10 of the cheapest places to score a college degree

Cait Freda, special to CNBC.com
10 cheap colleges
Brigham Young University
Source: Brigham Young University

College tuition that costs less than $900 a month?

The costs of obtaining a university degree are high and getting higher: The average cost of tuition for the 2015-2016 academic year was $24,061 for an in-state public school and a whopping $47,831 for a private college, according to Collegedata.com. The soaring price of a university degree has sent parents and students scrambling for cheaper alternatives.

However, those whose parents aren't independently wealthy have low-cost options. Recently, U.S. News and World Report compiled a list of some of the cheapest U.S. institutions available in dollar terms. The following list uses the publication's data and lists them by their respective price tags.


— Posted by Cait Freda, special to CNBC.com
30 May 2016

Harris-Stowe State University
Source: Harris-Stowe State University

Location: St. Louis

Tuition: $9,853 (out of state); $5,220 (in-state)

Founded in 1857, historically black Harris-Stowe boasts an enviable 13:1 student to teacher ratio. The school offers a curriculum that runs the gamut from business and education to arts and sciences. U.S. News recently ranked the school as a Tier 2 Regional College in the Midwest.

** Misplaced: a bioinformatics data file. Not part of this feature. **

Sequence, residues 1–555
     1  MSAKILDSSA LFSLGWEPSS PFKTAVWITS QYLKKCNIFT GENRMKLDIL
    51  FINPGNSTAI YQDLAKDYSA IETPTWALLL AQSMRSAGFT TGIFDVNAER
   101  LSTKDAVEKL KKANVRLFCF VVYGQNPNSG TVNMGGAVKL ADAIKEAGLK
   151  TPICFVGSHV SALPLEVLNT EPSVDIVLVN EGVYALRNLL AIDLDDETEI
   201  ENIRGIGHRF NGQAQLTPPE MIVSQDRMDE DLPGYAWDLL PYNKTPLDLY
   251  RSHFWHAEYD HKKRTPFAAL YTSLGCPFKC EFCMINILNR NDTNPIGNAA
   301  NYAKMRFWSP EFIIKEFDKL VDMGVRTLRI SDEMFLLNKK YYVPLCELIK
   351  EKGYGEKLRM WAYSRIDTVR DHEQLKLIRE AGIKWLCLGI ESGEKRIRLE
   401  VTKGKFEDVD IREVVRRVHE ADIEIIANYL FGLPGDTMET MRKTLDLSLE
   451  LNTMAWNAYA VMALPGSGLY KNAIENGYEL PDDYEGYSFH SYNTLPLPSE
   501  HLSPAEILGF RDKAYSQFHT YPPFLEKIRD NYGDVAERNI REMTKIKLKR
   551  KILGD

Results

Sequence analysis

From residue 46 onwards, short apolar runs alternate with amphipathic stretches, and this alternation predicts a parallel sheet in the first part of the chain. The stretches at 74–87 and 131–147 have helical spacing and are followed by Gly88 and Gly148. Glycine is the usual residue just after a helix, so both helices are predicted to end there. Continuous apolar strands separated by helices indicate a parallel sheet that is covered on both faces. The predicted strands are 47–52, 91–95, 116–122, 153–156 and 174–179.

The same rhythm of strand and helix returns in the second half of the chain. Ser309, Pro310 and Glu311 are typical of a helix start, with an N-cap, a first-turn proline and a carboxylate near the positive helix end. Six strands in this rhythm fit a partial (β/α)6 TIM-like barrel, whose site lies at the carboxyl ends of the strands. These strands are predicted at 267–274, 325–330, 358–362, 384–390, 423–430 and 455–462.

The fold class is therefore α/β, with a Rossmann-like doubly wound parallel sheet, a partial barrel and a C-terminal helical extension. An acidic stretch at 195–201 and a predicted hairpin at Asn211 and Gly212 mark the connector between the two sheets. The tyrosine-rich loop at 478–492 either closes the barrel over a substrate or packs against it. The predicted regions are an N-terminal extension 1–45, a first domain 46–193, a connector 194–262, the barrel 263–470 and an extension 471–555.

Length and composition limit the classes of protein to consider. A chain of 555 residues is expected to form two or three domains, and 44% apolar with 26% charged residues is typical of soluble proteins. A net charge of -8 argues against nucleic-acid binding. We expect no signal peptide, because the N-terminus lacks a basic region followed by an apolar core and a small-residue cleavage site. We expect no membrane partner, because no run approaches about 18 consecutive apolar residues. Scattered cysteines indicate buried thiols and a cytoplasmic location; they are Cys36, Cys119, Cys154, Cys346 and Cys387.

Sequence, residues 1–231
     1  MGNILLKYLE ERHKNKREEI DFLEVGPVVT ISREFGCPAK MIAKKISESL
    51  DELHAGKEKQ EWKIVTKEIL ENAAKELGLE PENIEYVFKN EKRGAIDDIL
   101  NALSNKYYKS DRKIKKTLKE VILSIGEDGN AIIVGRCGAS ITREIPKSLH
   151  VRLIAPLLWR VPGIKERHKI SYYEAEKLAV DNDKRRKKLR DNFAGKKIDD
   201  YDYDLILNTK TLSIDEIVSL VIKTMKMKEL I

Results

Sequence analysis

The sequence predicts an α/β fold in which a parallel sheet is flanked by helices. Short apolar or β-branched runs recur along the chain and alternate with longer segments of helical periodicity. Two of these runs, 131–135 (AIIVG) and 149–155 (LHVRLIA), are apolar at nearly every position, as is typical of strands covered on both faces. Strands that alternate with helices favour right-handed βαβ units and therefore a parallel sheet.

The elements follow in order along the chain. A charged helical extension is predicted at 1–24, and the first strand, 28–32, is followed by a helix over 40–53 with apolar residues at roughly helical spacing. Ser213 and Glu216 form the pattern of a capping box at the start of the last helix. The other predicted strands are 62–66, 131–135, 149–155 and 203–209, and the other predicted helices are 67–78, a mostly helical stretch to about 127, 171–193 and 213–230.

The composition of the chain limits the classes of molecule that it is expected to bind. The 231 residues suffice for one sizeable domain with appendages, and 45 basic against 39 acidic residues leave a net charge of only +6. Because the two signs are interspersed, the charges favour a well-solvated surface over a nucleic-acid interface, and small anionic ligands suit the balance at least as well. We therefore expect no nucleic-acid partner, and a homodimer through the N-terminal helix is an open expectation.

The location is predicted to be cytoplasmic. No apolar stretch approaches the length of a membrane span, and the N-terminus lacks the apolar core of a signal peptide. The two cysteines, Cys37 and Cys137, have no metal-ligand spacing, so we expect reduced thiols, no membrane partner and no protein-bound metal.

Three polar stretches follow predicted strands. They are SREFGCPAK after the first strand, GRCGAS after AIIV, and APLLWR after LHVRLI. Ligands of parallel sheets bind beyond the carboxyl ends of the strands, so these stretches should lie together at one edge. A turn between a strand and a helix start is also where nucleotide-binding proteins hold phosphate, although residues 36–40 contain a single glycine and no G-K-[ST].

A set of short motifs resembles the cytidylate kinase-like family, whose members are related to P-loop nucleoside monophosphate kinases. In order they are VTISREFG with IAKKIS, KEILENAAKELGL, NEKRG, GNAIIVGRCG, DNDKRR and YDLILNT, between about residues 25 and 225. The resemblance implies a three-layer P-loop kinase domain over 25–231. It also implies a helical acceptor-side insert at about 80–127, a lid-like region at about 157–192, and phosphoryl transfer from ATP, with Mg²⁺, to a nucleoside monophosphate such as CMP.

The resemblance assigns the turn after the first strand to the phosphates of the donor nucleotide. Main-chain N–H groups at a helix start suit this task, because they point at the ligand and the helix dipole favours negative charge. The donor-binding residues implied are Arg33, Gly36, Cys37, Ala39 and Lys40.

The school describes itself as "strongly committed to providing a high-quality higher education experience that is both affordable and accessible to the diverse populations within and beyond the metropolitan St. Louis region."

Rust College
Source: Rust College

Location: Holly Springs, Mississippi

Tuition: $9,500

Founded in 1866, Rust College is another historically black school. It has a student body of fewer than 1,000 undergraduates and has 32 student organizations and NCAA-ranked athletic teams. The college describes its mission as preparing students "for careers while living and studying in an environment that nurtures academic and personal development."


Mayville State University
Source: Mayville State University

Location: Mayville, North Dakota

Tuition: $8,845 (out of state); $6,380 (in state)

Founded as a public institution in 1889, Mayville State calls itself a "small school with big advantages," which may be a helpful marketing point given its rural location. Each of the school's 1,000-plus undergraduates is issued a notebook computer upon enrollment.

The school is arguably one of the most plugged-in anywhere: Virtually every part of the campus has access to the internet. Mayville State is a member of the National Association of Intercollegiate Athletics and offers 22 student organizations

Bemidji State University
Mark Pearson | Flickr

Location: Bemidji, Minnesota

Tuition: $8,152 (in and out of state)

Bemidji State was founded nearly 100 years ago. Unlike a number of other public colleges, the university offers the same annual tuition rate for in-state and out-of-state students. Bemidji State, which has a thriving athletic program, is ranked by U.S. News as a "top tier" Midwest university. Its campus has been cited as one of the most eco-friendly in the country.

Southwest Minnesota State University